QST -- quarter-square triangle

Cutting
From cream print cut:

2 (11 1/4") A squares
1 (11 1/4") B square then cut twice diagonally (QST)
4 (6") C squares
4 (5 7/8") D squares then cut once diagonally (HST)
12 (5 1/2") E squares
From peach print cut:
4 (6") F squares
4 (5 7/8") G squares
4 (4 1/2" x 40 1/2") M border strips
From green print cut:
4 (5 7/8") H squares
8 (3") I squares
4 (4 1/2") L squares
From teal print cut:
4 (10 7/8") K squares then cut once diagonally (HST)
8 (3") J squares
From stripe cut:
5 (2 1/2" x WOF) binding strips

Completing the Block
1. Draw a diagonal line from corner to corner on the wrong side of the G and H squares. Arrange a G square on each opposite corner of an A square, right sides together, as shown below left. Stitch 1/4" on each side of the drawn lines. Cut on the drawn lines as shown below right. Press open.

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2. Arrange a G square on a corner of a step 1 unit as shown below left. Stitch 1/4" on each side of the drawn line. Cut on the drawn line. Press open to make two flying geese units. Repeat with the other step 1 unit to make a total of four A-G flying geese units.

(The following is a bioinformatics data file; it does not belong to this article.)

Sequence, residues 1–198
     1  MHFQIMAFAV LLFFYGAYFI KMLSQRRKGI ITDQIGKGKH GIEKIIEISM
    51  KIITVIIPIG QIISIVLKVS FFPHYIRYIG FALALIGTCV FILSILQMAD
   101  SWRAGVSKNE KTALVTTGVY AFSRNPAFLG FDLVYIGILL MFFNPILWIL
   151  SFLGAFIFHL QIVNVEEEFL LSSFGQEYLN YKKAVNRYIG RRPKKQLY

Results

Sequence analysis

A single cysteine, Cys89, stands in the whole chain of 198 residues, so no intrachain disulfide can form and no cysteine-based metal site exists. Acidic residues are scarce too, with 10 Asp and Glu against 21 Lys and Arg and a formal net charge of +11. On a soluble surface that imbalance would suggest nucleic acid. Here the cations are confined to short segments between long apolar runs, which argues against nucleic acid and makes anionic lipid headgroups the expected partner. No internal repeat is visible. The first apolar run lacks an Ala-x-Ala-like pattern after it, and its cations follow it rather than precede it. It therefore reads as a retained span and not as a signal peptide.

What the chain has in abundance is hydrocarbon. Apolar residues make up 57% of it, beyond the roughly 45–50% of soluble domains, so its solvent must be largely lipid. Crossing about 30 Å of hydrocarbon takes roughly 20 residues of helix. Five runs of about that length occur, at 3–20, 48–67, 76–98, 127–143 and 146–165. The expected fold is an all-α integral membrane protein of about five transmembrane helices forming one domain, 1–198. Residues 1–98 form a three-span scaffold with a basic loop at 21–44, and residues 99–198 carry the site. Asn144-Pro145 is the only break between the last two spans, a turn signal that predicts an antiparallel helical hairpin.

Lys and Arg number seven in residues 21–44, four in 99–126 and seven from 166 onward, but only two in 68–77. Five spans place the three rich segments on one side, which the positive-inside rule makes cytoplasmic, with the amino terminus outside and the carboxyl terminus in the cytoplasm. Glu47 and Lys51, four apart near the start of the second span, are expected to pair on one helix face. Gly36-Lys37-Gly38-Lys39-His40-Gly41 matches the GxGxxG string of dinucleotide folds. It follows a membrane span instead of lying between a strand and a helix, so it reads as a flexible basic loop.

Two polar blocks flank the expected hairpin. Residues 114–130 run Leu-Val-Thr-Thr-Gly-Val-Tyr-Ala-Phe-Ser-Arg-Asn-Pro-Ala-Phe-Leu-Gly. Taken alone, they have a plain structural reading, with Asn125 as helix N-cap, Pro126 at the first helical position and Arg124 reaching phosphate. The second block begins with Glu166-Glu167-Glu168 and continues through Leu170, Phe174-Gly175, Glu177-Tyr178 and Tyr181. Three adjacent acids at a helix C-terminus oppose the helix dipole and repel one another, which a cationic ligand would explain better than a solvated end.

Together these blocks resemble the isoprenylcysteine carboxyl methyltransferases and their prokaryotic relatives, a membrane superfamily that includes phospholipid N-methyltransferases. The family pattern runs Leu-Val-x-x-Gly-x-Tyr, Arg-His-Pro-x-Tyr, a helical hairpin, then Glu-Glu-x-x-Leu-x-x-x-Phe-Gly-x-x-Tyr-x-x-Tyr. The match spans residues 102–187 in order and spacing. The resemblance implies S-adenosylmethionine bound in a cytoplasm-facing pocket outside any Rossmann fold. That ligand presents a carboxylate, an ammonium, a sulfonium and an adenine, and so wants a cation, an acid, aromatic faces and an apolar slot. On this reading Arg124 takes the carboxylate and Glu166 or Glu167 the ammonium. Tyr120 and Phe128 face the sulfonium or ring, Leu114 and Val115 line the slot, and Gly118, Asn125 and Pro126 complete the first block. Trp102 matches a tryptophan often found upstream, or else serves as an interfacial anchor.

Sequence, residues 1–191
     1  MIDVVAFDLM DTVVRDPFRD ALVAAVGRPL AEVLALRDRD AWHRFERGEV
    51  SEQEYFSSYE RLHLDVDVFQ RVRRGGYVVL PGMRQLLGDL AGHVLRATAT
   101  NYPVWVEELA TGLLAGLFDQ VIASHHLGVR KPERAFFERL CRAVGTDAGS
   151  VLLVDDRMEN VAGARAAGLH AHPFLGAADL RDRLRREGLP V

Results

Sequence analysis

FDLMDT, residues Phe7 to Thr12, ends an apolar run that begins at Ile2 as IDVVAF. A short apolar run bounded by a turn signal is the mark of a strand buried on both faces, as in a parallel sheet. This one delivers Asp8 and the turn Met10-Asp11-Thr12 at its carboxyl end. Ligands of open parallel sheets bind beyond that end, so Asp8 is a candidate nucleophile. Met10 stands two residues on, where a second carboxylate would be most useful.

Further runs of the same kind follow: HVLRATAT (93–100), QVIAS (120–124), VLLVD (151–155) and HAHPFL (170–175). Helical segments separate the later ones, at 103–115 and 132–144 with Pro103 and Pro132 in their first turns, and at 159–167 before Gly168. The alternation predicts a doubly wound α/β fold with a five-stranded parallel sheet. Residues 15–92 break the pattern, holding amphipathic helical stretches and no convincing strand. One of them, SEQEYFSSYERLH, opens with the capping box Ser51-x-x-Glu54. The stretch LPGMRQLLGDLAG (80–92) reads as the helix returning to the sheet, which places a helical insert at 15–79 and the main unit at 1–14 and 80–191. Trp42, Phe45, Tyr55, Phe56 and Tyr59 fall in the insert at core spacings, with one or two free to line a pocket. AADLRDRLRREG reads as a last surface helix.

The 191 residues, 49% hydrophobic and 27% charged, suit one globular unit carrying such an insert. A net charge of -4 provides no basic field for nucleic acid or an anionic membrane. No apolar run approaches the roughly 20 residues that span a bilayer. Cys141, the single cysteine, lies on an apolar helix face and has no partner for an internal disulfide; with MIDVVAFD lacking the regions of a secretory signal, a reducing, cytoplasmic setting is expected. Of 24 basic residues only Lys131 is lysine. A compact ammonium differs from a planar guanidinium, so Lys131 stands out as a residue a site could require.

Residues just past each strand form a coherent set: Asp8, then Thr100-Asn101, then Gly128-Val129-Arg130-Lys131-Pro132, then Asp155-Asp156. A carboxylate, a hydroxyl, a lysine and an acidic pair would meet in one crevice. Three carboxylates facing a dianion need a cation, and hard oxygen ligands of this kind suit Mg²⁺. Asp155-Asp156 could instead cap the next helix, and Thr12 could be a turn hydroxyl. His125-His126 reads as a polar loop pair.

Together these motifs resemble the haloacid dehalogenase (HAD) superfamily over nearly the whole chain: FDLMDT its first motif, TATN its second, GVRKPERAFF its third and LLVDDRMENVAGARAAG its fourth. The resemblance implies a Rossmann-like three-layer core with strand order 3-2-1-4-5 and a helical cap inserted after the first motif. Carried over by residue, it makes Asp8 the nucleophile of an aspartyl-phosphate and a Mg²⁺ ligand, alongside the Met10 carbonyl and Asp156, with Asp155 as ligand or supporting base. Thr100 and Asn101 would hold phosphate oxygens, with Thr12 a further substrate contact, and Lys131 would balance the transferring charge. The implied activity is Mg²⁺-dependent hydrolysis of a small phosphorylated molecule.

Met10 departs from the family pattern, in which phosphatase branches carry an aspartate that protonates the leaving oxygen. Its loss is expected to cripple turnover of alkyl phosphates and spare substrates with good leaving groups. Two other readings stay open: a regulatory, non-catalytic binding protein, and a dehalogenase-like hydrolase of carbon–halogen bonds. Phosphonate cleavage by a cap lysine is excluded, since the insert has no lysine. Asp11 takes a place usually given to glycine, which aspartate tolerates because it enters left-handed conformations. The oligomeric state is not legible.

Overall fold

3. Repeat steps 1 and 2 with an A square and four H squares to make four A-H flying geese units as shown below right.

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4. Arrange the I and J squares in four rows of four. Sew the squares into rows; press. Sew the rows together.

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5. Arrange four A-G units, four E squares and the I-J unit from step 4 in three rows as shown below. Sew the pieces into rows; press. Sew the rows together to make the center star unit. Press.